Animals spend a substantial proportion of their lives resting and consequently the choice of a sleeping site can dramatically affect an individual's fitness. Sleeping sites have been implicated in predator defence and thermoregulation and their distribution can affect breeding and social systems in small
mammals. Sleeping sites may constitute a limiting resource for females which experience energetic
constraints to breeding and require shelter for their young. Despite the potential importance of sleeping sites, exhaustive studies of the factors determining their usage patterns are limited to a small number of mammal groups. We investigated how seasonal changes in temperature or the presence of young shape sleeping site usage patterns in a small primate, the grey mouse lemur, Microcebus murinus. Females preferred tree holes over nests and open sites and the usage duration of a particular tree hole site was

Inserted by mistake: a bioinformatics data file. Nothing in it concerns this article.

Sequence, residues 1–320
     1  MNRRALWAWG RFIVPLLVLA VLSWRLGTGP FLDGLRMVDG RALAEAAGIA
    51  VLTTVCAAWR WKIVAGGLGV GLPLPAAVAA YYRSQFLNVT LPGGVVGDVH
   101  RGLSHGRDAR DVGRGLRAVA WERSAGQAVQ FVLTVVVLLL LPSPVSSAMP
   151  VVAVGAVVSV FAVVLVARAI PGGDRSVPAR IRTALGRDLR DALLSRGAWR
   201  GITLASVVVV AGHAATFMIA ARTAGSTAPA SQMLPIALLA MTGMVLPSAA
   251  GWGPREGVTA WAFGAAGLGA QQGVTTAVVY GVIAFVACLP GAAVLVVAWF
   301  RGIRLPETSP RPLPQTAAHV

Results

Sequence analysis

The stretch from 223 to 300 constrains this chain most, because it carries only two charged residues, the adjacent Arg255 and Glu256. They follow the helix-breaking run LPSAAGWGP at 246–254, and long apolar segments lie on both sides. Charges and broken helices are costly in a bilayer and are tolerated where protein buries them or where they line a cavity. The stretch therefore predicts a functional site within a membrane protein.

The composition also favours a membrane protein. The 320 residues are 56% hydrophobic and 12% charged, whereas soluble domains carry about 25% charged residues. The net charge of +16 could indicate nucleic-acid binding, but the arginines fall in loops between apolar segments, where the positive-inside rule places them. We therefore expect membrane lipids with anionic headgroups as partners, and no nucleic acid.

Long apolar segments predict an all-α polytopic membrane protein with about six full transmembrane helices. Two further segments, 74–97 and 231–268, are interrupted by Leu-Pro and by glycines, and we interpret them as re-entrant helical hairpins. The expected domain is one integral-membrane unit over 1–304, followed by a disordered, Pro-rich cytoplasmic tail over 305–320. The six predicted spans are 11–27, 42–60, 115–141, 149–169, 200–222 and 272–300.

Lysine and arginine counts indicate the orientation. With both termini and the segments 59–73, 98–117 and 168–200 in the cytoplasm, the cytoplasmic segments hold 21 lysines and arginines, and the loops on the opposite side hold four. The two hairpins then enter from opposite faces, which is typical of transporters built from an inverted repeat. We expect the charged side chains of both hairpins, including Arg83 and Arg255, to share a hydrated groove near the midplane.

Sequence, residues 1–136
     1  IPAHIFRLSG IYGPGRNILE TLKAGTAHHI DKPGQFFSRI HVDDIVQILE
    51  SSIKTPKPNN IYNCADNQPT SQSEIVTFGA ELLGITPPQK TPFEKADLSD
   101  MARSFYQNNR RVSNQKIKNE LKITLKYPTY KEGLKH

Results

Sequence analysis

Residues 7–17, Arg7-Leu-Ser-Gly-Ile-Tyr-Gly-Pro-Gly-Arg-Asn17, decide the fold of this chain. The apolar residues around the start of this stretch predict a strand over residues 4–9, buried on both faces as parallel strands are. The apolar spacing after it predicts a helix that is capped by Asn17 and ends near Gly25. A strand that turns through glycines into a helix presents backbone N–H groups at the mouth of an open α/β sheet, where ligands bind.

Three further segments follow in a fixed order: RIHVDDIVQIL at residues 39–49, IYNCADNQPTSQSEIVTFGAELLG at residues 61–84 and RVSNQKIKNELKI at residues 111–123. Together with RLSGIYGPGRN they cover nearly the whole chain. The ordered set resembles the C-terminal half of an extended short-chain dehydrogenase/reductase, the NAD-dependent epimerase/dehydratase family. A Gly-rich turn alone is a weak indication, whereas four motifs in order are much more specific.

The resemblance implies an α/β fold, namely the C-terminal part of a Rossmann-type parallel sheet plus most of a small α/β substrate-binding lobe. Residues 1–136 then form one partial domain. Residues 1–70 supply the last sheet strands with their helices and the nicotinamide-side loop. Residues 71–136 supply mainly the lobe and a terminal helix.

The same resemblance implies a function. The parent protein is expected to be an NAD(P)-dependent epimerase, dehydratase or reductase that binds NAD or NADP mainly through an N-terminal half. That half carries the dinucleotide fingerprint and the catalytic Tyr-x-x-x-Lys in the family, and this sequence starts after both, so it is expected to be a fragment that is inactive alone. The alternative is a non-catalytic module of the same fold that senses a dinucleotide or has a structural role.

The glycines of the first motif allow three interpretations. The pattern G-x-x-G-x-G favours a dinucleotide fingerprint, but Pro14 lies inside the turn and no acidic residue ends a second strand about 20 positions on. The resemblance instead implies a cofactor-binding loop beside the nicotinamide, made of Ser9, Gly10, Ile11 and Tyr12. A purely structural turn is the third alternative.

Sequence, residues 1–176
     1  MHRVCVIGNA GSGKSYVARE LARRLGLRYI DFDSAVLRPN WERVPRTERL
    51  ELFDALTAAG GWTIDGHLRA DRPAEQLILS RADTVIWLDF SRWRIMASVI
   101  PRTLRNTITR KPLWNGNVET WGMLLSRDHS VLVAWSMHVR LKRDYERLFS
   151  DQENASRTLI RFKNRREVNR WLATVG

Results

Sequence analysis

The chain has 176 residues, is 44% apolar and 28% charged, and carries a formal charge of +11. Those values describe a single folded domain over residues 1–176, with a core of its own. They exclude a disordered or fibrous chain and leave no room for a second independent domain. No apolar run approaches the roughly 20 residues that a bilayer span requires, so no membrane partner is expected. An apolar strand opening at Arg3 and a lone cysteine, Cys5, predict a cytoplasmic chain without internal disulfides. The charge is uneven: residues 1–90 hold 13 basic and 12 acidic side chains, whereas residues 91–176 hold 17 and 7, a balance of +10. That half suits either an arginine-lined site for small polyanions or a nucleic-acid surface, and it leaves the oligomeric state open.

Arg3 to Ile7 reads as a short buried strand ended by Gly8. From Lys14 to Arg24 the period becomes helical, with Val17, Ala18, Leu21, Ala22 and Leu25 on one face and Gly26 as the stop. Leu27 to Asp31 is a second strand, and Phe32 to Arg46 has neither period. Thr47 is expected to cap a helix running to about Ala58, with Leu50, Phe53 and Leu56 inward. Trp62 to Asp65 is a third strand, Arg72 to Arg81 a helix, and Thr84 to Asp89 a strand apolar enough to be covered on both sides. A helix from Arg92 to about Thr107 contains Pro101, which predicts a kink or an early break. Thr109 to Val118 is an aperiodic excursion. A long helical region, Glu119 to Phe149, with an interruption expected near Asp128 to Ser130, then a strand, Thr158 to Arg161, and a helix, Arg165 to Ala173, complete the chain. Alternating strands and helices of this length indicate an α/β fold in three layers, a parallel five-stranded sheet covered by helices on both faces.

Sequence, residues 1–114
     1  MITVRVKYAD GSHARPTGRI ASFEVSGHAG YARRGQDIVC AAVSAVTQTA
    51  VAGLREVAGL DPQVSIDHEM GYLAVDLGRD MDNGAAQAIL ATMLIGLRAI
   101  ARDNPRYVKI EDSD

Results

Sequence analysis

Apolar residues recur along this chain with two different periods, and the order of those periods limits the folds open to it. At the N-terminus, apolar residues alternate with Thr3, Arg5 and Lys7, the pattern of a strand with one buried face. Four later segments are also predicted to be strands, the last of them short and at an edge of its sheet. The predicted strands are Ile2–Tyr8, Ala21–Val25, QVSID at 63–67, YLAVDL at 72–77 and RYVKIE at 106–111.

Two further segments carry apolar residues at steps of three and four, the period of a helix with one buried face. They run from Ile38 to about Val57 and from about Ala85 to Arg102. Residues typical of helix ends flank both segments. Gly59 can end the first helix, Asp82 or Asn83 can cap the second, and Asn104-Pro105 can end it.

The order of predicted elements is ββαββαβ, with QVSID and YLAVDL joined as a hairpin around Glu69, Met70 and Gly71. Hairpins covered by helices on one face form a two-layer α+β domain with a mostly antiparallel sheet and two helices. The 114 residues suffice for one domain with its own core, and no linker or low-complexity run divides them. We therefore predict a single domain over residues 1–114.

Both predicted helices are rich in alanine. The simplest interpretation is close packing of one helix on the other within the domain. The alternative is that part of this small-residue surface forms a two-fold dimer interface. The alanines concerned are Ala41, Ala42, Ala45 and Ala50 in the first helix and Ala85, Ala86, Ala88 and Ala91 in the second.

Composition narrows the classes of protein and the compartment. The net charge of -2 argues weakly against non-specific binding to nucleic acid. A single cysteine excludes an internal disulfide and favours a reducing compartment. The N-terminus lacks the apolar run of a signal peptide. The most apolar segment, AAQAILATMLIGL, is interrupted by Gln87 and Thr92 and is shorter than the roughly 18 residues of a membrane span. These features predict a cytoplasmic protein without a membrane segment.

affected by the physical characteristics likely to affect its insulation properties. Furthermore, climate variables strongly affected sleeping site choices and nests were chosen more often than tree holes during the wet season. However, when young were present preferences shifted back to tree holes. Preferred tree species used as sleeping sites as well as the properties of tree holes were rare among trees in the study area, suggesting that sleeping sites may indeed be a limiting resource for female grey mouse lemurs. Our results suggest that in the study species sleeping site choices are governed by thermoregulatory considerations and their limited availability could also account for the social grouping.